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David Davis warns PM's ultimatum is 'rather unwise'

David Davis says the Prime Minister's move to force Ministers to quit if they wanted to campaign No in the EU referendum was "rather unwise" and predicted it would trigger resignations from the Government.

David Davis Credit: Dominic Lipinski/PA Wire

Conservative Mr Davis told BBC Radio 4's Today programme:

This is a once-in-a-lifetime, history-changing event. For many people, it's the reason they got into politics. Not mine, but for some it is.

And yet the only people who will not have the freedom to vote and speak on it, according to this, are ministers in the Government, which, of itself, is extraordinary.

That will likely lead, I'm sorry to say, to some people resigning from the Government or being fired

Cameron's warning to ministers: Back me over EU or quit

David Cameron insists all his ministers are on board for a Yes vote to stay in the EU. Credit: PA

Ministers will be forced to quit if they want to campaign for Britain to pull out of the European Union, David Cameron has warned.

The Prime Minister said the Government "would not be neutral" on the issue of whether the UK quits Europe.

And he insisted that everyone in his administration is signed up to his strategy to allow them to recommend a Yes vote.

Speaking at the G7 summit in Germany, Mr Cameron said: "If you want to be part of the Government you have to take the view that we are engaged in an exercise of renegotiation to have a referendum and that will lead to a successful outcome.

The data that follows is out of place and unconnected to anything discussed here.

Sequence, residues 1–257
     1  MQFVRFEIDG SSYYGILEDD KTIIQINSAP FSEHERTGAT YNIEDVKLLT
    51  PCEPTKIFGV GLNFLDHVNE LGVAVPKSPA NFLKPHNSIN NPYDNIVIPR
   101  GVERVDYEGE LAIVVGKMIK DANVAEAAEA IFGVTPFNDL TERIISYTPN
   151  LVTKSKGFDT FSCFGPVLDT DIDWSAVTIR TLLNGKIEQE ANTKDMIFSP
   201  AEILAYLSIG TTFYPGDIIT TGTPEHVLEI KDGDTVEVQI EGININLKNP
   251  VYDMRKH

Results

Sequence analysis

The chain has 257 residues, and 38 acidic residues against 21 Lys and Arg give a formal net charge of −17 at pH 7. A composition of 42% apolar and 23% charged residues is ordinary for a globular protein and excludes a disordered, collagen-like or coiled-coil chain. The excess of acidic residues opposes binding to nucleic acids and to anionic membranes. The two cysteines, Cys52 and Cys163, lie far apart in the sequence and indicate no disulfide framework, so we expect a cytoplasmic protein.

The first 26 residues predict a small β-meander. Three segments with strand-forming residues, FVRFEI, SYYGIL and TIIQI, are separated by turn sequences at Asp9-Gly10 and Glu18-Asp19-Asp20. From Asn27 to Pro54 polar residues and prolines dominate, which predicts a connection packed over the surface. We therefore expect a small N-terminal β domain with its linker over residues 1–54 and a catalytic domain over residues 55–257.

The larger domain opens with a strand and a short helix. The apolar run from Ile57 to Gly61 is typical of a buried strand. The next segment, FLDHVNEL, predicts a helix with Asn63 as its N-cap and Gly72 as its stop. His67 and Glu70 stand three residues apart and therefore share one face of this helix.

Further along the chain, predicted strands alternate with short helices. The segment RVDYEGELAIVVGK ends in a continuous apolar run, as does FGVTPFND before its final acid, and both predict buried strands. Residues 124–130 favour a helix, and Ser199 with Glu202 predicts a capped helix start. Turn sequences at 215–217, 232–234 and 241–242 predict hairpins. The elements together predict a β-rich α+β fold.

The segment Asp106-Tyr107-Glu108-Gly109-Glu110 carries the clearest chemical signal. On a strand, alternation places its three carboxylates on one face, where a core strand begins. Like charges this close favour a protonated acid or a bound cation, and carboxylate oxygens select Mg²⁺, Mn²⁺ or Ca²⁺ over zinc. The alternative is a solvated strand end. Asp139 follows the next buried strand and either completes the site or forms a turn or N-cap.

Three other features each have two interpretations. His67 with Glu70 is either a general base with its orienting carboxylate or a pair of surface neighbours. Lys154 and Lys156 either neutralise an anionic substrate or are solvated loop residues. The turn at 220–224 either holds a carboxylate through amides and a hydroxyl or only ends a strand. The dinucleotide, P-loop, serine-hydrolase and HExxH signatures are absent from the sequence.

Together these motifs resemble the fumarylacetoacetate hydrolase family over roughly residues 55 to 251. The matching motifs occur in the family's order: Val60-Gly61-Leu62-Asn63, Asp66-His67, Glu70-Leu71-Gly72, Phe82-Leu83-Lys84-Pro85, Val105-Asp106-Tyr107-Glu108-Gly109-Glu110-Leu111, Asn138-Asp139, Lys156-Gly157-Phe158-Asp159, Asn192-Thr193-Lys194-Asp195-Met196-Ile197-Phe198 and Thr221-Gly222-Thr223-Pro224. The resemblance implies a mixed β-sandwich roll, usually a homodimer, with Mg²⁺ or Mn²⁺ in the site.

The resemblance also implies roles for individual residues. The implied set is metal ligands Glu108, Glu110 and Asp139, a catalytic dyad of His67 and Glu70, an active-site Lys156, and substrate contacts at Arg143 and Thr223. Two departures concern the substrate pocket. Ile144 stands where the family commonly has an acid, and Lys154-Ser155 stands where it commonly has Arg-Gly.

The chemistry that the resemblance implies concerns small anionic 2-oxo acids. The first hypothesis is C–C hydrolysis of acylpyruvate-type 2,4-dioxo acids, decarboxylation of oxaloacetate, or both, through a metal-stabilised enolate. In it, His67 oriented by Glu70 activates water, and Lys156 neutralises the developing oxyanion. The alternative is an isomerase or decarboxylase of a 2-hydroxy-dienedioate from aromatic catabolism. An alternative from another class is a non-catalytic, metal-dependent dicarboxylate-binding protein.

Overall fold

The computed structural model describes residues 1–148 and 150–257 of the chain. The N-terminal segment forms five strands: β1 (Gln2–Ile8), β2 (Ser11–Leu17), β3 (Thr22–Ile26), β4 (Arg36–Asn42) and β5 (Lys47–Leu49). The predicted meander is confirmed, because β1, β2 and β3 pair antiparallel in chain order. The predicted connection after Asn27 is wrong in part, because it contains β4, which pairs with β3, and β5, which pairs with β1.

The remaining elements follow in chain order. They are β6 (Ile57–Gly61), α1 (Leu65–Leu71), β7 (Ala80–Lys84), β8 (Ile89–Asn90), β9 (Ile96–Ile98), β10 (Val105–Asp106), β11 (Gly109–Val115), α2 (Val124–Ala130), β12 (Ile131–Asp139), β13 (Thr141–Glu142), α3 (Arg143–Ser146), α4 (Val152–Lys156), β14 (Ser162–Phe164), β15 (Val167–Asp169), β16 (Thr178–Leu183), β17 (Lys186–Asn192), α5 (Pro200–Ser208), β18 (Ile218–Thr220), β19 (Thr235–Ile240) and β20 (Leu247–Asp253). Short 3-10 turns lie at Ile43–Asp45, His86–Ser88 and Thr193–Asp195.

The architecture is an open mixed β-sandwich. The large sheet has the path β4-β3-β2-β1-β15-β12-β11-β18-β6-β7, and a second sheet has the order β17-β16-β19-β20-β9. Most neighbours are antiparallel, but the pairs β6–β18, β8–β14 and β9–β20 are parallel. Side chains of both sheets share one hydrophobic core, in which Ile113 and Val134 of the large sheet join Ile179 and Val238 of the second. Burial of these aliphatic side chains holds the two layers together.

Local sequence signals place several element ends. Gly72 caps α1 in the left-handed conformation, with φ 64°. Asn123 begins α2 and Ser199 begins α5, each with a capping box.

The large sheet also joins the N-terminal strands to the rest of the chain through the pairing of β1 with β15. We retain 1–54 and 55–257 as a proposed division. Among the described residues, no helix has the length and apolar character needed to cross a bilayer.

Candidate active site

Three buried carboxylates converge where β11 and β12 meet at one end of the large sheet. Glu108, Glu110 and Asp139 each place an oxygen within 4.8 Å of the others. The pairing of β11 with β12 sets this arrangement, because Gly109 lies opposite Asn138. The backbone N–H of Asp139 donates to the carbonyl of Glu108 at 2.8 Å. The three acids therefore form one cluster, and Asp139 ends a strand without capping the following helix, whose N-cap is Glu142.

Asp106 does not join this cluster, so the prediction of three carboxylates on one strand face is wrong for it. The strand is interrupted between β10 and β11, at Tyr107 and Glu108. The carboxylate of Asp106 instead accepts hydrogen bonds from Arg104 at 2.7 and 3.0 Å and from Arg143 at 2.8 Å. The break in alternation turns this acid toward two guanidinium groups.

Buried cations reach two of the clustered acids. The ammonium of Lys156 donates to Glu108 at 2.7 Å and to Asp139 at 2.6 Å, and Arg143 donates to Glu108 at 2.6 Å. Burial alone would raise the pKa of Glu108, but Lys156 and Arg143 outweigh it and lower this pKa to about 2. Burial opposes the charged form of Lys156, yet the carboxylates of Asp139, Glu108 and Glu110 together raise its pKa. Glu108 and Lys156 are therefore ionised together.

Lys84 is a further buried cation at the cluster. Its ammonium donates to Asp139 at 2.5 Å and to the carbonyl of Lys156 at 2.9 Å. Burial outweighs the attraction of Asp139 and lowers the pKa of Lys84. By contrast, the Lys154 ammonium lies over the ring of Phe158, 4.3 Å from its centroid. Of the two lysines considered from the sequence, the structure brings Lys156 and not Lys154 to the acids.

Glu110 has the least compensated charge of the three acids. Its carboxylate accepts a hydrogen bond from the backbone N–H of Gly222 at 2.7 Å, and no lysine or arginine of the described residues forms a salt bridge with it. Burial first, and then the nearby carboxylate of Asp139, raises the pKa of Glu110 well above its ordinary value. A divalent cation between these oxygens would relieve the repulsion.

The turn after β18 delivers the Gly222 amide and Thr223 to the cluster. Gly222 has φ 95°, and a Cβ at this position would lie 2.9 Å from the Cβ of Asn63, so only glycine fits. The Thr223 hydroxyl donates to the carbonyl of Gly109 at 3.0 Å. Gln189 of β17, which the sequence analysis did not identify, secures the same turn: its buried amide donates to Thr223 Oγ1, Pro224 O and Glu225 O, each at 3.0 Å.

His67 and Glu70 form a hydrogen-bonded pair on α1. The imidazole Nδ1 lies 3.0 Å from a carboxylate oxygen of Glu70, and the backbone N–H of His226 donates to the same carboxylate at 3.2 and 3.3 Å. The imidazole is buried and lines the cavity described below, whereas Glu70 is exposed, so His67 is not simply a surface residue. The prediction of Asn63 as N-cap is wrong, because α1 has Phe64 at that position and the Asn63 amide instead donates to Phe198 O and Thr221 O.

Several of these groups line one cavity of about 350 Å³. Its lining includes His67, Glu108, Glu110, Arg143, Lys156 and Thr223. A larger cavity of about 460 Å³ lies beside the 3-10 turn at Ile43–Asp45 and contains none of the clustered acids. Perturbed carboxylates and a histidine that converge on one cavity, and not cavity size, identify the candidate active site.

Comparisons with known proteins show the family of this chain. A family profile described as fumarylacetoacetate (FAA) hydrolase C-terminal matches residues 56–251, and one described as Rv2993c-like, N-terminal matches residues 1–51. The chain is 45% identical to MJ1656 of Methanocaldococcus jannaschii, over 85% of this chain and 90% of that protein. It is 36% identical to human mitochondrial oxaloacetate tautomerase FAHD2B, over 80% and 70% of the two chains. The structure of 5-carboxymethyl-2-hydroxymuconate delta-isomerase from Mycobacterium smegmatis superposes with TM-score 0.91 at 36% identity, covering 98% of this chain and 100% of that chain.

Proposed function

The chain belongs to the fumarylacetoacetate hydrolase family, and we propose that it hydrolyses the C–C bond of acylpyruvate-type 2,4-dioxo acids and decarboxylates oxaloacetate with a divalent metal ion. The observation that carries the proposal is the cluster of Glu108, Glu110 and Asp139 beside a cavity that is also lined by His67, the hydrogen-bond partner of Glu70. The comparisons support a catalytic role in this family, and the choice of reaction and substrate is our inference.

"Everyone in government has signed up to the programme set out in the Conservative manifesto."

His comments come after more than 50 Tory MPs said they were set to lead the EU exit if Cameron fails to secure radical reforms of the UK's ties to Brussels.

Burnham: A divided Tory party will struggle on EU deal

Labour leadership candidate Andy Burnham has warned David Cameron will struggle to get the best deal for Britain "if his party tears itself apart over Europe".

Labour leadership candidate Andy Burnham. Credit: PAUL HACKETT/WPA Rota

"I will establish a separate 'Labour Yes' campaign, alongside the wider 'in' movement, to learn the lessons of Scotland's independence referendum, " Burnham promised.

"But, unlike David Cameron, I will be strong in defending Britain's place in Europe as the best bet for British business and jobs," he added.

Hammond: There'll always be Tories who want an EU exit

Philip Hammond said there was "always" going to be a group of Conservatives that want to leave the EU "come what may" after it was reported that more than 50 Tories are set to lead the campaign to leave the union.

The Foreign Secretary told the BBC's Andrew Marr Show, "That is not where the Government is, that is not where the majority of British people are."

Foreign Secretary Philip Hammond. Credit: BBC/Andrew Marr Show

Hammond agreed the EU "isn't working" as it is at the moment, saying it is "not fit for the 21st Century" but that the Government thinks it is "fixable".

"We can get a package of reform that will make it work in Britain's interests, so that we get the benefits of the single market, being part of the European Union, while fixing some of the things that so irritate the British people about the way this union has changed unrecognisably over the past 40 years and then put it to the British people, and they they will decide in the referendum."